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Not Criminally Responsible: not a get-out-of-jail-free card

A new study by a team of researchers from across Canada, including BCMHSUS, shows that contrary to opinions sometimes expressed in public and political discourse, the so-called ‘insanity defence’ is not a legal loophole.
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The Forensic Psychiatric Hospital in Coquitlam, B.C., treats many individuals found not criminally responsible due to a mental disorder.

​On the contrary, people who are found not criminally responsible due to mental disorder (NCRMD) are more likely to be detained in custody, and for longer periods of time, than those found criminally responsible for similar offences.

“There is a lot of stigma and misunderstanding when it comes to people who are found NCRMD” - Dr. Tonia Nicholls.

“Our prior research suggested that people view an NCRMD finding as a get-out-of-jail-free card," said Dr. Tonia Nicholls, a distinguished scientist with BCMHSUS and professor of psychiatry at UBC. "What we set out to do in this study was to directly address those assumptions and misunderstandings.”

Nicholls says researchers in B.C., Ontario and Quebec compared people found NCRMD over a five-year period with people who were convicted of similar offenses in the criminal system. The study controlled for factors such as age, race and sex in order to provide an ‘apples-to-apples’ comparison.

The findings were published in January in the journal Frontiers of Psychiatry. 

“What we found was that contrary to widely held misconceptions that the forensic system lets people get off easy, in fact individuals found NCRMD experienced higher levels of restriction than those convicted in the criminal system,” said Nicholls.

Specifically, the research team found:
  • People found NCRMD by the courts are 3.8 times more likely to be detained than convicted offenders, and 4.8 times less likely to be released from detention;
  • One year after a verdict, 42% of NCRMD cases were still in detention, compared with 1% of their convicted counterparts;
  • One year after a verdict, 73% of NCRMD cases were still under the purview of review boards, while 41% of convicted offenders still had legal supervision at that time. 
Sandrine Martin, lead researcher for the study at the Institut national de psychiatrie légale Philippe-Pinel in Quebec, said public discourse around NCRMD rarely includes the restrictions placed on clients following a verdict.

“The NCRMD defense is often presented as advantageous for the accused,” said Martin. “But it must not be forgotten that individuals found NCRMD remain under judicial control which can be very restrictive, as shown by the results of the study.”

Not criminally responsible in British Columbia

In B.C., people who are found NCRMD by the courts, or those who are found unfit to stand trial due to mental disorder, fall under the jurisdiction of the BC Review Board. The Review Board is an independent tribunal that provides legal oversight for the treatment and supervision provided to NCRMD cases. 

Headshot of Dr. Connie ConiglioMost often, people in these circumstances are treated by BCMHSUS at Forensic Psychiatric Hospital (FPH) in Coquitlam, or in a BCMHSUS Forensic Psychiatric Regional Clinic. Dr. Connie Coniglio, chief operating officer, complex mental health and substance use services with BCMHSUS, says people who come into their care following a NCRMD verdict from the courts need significant treatment and support, but they can and do recover.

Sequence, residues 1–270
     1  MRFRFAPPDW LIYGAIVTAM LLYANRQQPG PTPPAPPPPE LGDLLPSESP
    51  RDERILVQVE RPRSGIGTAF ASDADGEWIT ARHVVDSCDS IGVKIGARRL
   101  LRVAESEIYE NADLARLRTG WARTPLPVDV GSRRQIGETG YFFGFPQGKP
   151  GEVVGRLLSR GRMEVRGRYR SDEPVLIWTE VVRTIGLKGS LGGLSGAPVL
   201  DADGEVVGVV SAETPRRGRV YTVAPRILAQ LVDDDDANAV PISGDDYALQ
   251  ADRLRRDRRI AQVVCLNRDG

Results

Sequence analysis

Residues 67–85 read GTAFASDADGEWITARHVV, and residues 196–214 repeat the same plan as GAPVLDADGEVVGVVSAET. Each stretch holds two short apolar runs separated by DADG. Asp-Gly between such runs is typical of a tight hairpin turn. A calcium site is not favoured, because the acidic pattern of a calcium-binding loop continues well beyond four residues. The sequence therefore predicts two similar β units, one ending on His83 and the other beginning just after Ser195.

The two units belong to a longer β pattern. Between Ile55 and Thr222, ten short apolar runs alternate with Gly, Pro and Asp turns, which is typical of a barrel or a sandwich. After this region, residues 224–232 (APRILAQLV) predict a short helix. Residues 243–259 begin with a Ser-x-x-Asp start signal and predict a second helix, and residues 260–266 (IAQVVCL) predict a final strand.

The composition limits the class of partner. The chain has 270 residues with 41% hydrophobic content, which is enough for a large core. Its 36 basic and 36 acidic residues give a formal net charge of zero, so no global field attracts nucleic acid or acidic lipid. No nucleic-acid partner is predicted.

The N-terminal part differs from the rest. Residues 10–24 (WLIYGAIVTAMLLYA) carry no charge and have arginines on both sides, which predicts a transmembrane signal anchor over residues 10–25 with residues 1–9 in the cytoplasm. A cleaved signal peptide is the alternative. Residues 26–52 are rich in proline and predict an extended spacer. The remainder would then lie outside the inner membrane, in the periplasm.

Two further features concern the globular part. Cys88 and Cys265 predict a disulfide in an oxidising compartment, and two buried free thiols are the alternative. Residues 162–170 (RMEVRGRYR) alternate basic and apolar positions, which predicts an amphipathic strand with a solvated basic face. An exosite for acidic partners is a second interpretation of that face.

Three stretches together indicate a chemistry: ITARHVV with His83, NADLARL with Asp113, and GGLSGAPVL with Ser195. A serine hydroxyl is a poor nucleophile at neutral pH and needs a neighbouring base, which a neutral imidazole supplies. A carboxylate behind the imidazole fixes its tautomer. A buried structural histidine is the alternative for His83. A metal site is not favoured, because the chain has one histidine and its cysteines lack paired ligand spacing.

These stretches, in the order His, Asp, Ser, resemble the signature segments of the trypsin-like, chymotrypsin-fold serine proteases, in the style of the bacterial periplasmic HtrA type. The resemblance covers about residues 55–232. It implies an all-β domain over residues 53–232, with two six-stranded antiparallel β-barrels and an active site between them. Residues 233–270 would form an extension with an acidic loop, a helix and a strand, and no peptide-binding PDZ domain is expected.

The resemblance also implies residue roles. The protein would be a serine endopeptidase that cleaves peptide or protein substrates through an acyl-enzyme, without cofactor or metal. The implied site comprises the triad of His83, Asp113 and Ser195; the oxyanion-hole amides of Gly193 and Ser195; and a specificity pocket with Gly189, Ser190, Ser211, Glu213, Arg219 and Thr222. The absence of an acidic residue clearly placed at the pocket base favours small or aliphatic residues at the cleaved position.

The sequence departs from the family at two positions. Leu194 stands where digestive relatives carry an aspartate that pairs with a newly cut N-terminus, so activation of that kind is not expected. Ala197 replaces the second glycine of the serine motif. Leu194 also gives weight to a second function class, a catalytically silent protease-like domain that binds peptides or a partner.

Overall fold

“The care we provide is based on the best possible evidence.  It’s trauma-informed, which means we recognize the stigma and traumatic experiences many of our clients have faced in childhood or as adults,” said Coniglio. “Ultimately the goal is to help our clients gradually reintegrate back to the community, while keeping the community safe.”

Up to two-thirds of FPH clients live with a combination of severe mental illness and addiction, or what’s known as a concurrent disorder. Coniglio says living with a concurrent disorder can make recovery challenging, which is why FPH has a team of diverse, specialized experts. 

Care teams include physicians, nurses, psychiatrists, pharmacists, social workers, health care workers, recreation therapists, rehabilitation workers, occupational therapists, peer support workers, Indigenous elders and others. Treatments include individual and group counselling, life-skills building, and when a patient is ready, community outings. 

What’s next?

Dr. Tonia Nicholls said this most recent study is just one to have come from the National Trajectory Project, which examined the pathways and circumstances of 1,800 people found NCRMD in Canada between 2000 and 2005. “Given the sample size and scope of the study, we have been able to support dozens of excellent students like Sandrine Martin who led this study as part of masters work”.

Other studies looked at things like the types of substance use and illnesses people who are found NCRMD typically suffer from, and recidivism rates. The study on recidivism showed that rates are lower for individuals treated for mental health disorders in the forensic system than individuals sent to correctional facilities or prisons.

Nicholls says the research team has obtained funding from the Canadian Institutes of Health Research (CIHR) for a second phase of the project, which will use more recent data and include NCRMD cases from eight Canadian provinces.

“With this second phase, we’ll be able to look at 98% of all people found NCRMD in Canada,” said Nicholls. “We hope to help inform leaders in the political, legal and medical communities, and contribute to better public policy and understanding of people found NCRMD.”

BC Mental Health & Substance Use Services; mental health; Substance use
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